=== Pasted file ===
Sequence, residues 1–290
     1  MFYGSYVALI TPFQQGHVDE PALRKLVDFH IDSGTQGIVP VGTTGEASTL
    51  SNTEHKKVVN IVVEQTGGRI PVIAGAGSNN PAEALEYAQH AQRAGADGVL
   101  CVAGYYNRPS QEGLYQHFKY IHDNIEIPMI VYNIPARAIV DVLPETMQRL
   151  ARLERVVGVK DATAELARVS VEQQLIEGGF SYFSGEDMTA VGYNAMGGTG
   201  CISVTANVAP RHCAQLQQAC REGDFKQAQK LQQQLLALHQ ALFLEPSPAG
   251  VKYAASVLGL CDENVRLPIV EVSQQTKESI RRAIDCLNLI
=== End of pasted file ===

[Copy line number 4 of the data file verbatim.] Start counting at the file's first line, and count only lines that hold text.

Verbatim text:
   101  CVAGYYNRPS QEGLYQHFKY IHDNIEIPMI VYNIPARAIV DVLPETMQRL